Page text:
Vallejo retires from PBSC, leaves lasting impact
Fatima Cajas was mixing up coffee drinks at Delicias Cuban Bakery when she first met Dr. Maria Vallejo from Palm Beach State College.
She had a desire to go to college, but before that chance meeting with Vallejo 10 years ago, she couldn’t see past the barriers she felt as an immigrant from Ecuador. While frequenting the eatery inside a Lake Worth gas station, Vallejo slipped her a business card and encouraged her to enroll at PBSC.
“I always wanted to study, but all I could see is all of the obstacles. I felt like she was my angel since the first day,’’ Cajas said of Vallejo, PBSC’s vice president of growth and expansion and provost of the Belle Glade and Loxahatchee Grove campuses, who is retiring effective March 29. “For me, it was like a baby step for every single process, and she always directed me to a good place.”
Cajas, who received an Associate in Arts degree from PBSC in 2016 and is now pursuing her bachelor’s degree in communication and journalism at Florida International University, was among attendees at Vallejo’s retirement celebration on the Lake Worth campus March 25. Vallejo, who worked in higher education for 43 years, including 20 at PBSC, was lauded for her outreach efforts to enhance diversity at the College, particularly raising the number of Hispanic students, and drawing the community and businesses to the campuses. She also was praised for mentoring aspiring higher education leaders and supporting students like Cajas and many others who needed help finding their way.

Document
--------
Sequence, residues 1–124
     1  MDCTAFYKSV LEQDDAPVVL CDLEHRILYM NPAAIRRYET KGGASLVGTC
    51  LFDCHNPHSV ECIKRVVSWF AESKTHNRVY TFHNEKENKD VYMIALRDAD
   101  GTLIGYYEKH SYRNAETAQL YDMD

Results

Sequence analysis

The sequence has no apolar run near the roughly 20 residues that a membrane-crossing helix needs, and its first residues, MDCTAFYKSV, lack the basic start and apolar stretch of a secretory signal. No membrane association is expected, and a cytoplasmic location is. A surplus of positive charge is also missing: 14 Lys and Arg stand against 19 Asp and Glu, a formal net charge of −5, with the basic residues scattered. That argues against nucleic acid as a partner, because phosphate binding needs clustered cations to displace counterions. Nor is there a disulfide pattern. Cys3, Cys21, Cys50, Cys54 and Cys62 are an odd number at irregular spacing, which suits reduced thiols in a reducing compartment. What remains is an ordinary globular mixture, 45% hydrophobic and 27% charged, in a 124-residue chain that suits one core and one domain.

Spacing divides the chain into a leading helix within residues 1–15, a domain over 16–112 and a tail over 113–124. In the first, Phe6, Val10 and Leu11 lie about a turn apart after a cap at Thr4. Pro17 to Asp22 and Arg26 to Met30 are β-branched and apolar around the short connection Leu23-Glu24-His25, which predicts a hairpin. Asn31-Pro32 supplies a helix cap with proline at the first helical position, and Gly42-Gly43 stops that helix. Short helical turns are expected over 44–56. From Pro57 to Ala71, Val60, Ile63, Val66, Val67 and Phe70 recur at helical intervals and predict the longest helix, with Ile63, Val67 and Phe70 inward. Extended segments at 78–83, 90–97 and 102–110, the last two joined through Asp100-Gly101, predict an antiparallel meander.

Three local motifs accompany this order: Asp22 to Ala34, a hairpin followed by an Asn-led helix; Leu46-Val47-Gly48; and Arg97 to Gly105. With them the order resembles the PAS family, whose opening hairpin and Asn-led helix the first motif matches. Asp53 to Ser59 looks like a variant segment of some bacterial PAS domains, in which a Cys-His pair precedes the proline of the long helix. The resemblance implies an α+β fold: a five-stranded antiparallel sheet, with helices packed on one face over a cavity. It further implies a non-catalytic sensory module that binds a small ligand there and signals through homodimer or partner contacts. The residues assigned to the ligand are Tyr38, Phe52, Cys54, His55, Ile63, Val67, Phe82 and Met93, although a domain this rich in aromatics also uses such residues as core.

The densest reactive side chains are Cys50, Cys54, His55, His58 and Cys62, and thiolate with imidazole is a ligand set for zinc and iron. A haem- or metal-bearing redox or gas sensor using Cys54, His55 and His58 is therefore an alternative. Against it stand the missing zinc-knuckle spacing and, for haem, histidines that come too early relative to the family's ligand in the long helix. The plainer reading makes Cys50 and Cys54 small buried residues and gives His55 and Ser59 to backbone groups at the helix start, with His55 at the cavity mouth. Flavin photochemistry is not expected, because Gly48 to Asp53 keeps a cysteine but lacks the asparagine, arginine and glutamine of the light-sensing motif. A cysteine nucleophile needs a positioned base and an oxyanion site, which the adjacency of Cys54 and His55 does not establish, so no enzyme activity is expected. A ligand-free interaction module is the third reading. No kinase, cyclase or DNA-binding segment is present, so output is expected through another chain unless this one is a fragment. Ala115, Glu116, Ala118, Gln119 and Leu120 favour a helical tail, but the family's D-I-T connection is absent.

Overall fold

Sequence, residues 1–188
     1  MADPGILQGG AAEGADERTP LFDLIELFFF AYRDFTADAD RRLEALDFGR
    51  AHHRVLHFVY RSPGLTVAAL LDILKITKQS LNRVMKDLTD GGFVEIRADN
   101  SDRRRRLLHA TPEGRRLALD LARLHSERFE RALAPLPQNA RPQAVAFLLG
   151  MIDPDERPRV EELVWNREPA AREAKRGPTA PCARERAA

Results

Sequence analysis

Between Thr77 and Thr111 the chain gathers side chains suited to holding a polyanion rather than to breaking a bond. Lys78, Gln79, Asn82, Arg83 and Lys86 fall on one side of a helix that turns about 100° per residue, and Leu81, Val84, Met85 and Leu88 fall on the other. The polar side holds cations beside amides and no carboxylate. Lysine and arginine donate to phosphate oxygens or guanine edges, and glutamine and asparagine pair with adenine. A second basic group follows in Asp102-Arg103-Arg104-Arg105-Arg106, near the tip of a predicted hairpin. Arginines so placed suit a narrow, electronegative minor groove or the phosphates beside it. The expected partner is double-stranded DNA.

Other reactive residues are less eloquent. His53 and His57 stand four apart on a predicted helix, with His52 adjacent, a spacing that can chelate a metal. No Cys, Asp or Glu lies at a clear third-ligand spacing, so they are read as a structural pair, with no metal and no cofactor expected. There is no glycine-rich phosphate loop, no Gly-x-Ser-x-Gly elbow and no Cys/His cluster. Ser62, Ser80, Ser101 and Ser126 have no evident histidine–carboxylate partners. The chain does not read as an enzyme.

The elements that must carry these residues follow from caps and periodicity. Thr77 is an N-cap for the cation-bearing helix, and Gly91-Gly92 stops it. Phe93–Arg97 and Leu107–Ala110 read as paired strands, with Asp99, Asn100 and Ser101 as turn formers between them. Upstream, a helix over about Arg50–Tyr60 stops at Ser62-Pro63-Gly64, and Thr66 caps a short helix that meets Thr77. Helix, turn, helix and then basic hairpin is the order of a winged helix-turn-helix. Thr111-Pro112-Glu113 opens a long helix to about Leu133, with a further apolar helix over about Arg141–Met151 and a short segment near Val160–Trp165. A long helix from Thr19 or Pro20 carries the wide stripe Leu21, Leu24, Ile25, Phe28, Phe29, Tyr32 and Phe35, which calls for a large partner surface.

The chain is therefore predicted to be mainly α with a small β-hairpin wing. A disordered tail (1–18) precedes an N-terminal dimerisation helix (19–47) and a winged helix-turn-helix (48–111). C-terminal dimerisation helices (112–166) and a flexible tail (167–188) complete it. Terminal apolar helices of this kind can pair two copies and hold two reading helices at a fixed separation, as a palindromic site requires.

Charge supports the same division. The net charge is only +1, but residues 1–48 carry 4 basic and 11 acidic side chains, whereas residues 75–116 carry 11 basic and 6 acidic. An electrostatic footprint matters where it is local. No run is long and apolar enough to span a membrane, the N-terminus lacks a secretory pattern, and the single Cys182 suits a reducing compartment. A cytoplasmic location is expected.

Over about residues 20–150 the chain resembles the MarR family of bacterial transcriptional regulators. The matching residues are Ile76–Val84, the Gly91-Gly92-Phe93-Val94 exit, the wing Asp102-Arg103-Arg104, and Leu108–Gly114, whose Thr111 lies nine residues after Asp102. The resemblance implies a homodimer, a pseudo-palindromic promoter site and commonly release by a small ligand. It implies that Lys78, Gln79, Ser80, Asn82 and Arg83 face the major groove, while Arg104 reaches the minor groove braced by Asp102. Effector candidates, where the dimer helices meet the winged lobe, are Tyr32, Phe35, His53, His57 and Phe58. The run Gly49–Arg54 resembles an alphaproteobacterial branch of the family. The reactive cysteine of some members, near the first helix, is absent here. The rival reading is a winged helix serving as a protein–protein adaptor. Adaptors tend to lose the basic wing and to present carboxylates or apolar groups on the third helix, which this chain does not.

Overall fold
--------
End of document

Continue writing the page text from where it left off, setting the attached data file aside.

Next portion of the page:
Since her arrival at the College in 1999, the population has become increasingly diverse, shifting from 11 to now 31 percent Hispanic students. Dr. Dennis Gallon, former PBSC president who initially hired Vallejo as Lake Worth campus provost and was among the celebration speakers, highlighted her involvement in helping the College earn its designation as a Hispanic Serving Institution, which is reserved for those with enrollments of at least 25 percent Hispanic students. Gallon described Vallejo as a “person with a big heart” who has done much for PBSC.
She partnered with the Excelencia in Education organization, which helped the College achieve its goal of becoming an HSI. Part of that required encouraging students to self-identify as Hispanic to give the College an accurate picture of its demographics as well as translating information for parents to help their children. Vallejo launched “Family Fun” days and other initiatives to get the community involved with the campuses and to drive enrollment. Through her involvement with the Puerto Rican Hispanic Chamber of Commerce, which honored her this week for Women’s History Month, she garnered support from local businesses for the College and students.
Among her many achievements, Vallejo was the driver of a scholarship launched by ASPIRA of Florida in 2008 that has awarded nearly $47,000. Then in 2016, Vallejo created an ASPIRA scholarship bearing her name that has awarded $11,500 to 13 students.
She has been a driver at the national level, serving as a past president of the National Community College Hispanic Council, through which she launched a workshop with other national groups specifically to help women and minorities interested in becoming community college presidents navigate the process. She has mentored many aspiring college leaders at PBSC and nationally. “I very much want to help people, especially people of color, to access education and positions of authority and power,” Vallejo said. “We can’t do it alone. My impact has been limited, but if I can help others move along the way and get to the point where they can have an impact, that is most important.”
Ava L. Parker, J.D., who became PBSC’s president in 2015, said of Vallejo, “the value and the difference that you made in the life of our students and the life of the College will be felt far beyond your time here.’’